When you boil it down and the “leave a light on for Scotland” mantra evaporates into thin air, there is very little left. Moreover, because one part of the prospectus is so badly conceived, it bleeds into all other sections. Take the latest white paper on “Citizenship in an Independent Scotland.” Large sections of this document are predicated on EU membership. It just doesn’t add up.
If we have learned one thing from recent times it is surely that no matter the severity of the crisis that may engulf the British state, such events don’t automatically translate to a rise in support for independence. A popular and compelling case is required. This has been absent in campaigning terms, just as it has been bereft of meaningful content.
Does the EU want Scotland at all?
It is widely accepted that Scotland’s membership of the EU shall be plain sailing assuming it meets the full criteria. But it is worth exploring this proposition a little more critically. The EU is not, for instance, supportive of Catalan civic rights in relation to self-determination. Richard Youngs of Carnegie Europe wrote perceptively on the EU’s attitude at the height of the referendum crisis in Catalonia: “The desire of citizens to bring democratic accountability back down to local or community level is routinely belittled. Analysts commonly hold it to be synonymous with nationalism, nativism, or populism. But this is a dangerous simplification that misses the many benign elements of such burgeoning local politics.” Dangerous it may be, but this is an accurate account of the prevailing political culture and ideological disposition in Brussels.
Even if Scotland were to become equipped with the necessary infrastructure, there is no guarantee the European Commission will look upon the case generously. It will consider relations with London carefully. The City is a key artery in the global system and Britain hosts the largest financial sector in Europe. It may be a post-Empire state, but its nuclear capabilities remain central to the NATO alliance, as outlined in the recent Vilnius Summit Communiqué. The major geopolitical questions of the era will come into the frame, as will the state of UK/EU relations which continue to evolve.
The provocation here is to suggest the EU prefers to stabilise its dealings with the UK, rather than exacerbate tensions. To move in the direction of slow but strategic reintegration as part of an ongoing process of negotiation. Already there are key talks over infrastructure projects, such as the building of new energy interconnectors between the UK and the European mainland. As Joël Reland, a Research Associate at UK in a Changing Europe, explains: “These projects will require new shared regulatory oversight, based either on updating the terms of the UK-EU Trade and Cooperation Agreement (TCA), or building a wider framework derived from it.”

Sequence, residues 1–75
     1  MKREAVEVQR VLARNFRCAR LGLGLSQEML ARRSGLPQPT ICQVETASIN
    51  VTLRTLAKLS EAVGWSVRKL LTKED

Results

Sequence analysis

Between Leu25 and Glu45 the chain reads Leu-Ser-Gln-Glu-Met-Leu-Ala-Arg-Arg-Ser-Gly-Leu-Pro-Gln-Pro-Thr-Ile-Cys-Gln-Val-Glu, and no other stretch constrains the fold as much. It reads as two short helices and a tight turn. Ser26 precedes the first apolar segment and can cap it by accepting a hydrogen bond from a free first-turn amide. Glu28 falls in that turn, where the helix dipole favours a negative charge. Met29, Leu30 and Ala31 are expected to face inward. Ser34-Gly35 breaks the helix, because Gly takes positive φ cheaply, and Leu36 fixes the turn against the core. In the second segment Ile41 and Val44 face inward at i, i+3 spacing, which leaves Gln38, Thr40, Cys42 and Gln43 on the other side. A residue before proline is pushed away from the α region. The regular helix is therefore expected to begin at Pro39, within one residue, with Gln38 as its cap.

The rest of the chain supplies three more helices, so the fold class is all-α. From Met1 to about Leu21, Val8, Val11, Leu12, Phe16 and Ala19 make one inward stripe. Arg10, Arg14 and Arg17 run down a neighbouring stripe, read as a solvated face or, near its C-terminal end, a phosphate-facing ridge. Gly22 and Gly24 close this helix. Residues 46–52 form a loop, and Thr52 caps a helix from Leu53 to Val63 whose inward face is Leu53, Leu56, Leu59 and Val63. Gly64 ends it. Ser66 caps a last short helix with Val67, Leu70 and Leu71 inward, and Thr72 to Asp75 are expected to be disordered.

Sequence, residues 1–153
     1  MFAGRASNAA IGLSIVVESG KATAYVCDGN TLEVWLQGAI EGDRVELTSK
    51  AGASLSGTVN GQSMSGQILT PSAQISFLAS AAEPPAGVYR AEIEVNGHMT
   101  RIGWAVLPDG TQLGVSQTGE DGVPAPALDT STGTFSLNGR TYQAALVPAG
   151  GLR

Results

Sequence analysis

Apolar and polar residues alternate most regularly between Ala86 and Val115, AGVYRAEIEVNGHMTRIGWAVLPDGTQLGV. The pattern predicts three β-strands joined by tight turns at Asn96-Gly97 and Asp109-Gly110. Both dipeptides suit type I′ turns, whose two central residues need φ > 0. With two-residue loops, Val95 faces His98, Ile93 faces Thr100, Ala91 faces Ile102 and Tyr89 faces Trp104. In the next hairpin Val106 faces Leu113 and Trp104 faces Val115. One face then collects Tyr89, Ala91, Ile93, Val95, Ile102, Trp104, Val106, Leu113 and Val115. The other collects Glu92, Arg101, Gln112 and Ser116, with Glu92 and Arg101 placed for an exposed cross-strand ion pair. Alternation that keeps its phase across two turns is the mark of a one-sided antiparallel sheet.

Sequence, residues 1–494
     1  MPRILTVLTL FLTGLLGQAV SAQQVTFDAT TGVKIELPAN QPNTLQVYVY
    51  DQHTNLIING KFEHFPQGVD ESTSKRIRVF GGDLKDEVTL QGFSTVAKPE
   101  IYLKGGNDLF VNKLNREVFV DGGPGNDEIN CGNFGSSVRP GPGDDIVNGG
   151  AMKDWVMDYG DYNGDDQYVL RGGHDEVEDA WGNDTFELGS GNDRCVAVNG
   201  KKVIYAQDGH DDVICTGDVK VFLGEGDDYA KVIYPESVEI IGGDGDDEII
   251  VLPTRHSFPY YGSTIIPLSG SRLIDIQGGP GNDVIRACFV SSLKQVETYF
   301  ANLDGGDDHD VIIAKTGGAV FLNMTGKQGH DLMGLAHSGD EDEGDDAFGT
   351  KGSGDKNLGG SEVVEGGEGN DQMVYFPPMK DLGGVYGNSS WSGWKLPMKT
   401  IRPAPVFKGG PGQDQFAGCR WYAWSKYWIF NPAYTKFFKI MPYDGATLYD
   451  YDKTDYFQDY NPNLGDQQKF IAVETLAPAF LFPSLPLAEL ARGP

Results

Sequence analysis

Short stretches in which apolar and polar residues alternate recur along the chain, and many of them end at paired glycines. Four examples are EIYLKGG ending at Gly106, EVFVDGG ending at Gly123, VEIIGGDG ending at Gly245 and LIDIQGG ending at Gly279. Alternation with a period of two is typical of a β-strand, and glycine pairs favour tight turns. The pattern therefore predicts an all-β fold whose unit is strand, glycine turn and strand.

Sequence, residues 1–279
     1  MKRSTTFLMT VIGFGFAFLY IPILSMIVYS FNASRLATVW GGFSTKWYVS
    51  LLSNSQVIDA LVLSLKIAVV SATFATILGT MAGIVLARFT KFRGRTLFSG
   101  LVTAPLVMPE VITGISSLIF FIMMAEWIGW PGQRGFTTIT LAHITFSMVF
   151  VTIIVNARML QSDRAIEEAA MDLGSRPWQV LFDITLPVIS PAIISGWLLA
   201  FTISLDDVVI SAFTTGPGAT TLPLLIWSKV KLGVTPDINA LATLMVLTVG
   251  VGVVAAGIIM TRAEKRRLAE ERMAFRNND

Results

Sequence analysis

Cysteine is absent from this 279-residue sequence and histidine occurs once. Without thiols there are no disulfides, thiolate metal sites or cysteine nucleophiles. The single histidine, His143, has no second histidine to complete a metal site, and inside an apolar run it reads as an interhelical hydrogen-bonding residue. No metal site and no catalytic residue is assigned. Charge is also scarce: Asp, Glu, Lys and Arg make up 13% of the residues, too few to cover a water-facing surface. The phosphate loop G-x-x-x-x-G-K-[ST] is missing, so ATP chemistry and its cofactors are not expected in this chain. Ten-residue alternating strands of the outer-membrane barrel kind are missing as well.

Such initiatives are laying the foundations for the 2025 renegotiation of the TCA, where we can expect more in the way of convergence rather than divergence. “The signing of the TCA was seen as a sign that Brexit was finally done,” writes Relans, “yet, in reality, the work of managing the UK’s relations with the EU never stops.” The highest echelons of the EU are far more concerned with this than they are in entertaining or animating the break up of the UK.
This is the kind of realpolitik which any movement for Scottish independence must navigate. Problematically, the slightest degree of conflict with establishment institutions is not something the SNP are willing to tolerate. Nicola Sturgeon recently said she regretted not taking Scotland to independence. But this regret was always more palatable than engaging the series of confrontations necessarily bound up with such a project. What we have, then, is a party so lacking in confidence in its founding mission that it is reduced to an inevitably fruitless permission-seeking exercise: from the British state; from the Bank of England; from the European Union; from NATO.
Stuck in this rut, the party leadership must recapitulate a propagandist approach which seeks to connect the large section of Scottish society who favour independence with voting SNP at the ballot box. But be under no illusions. There is no back room strategy at play which might translate the abstractions this process relies on into reality. And everyone knows it.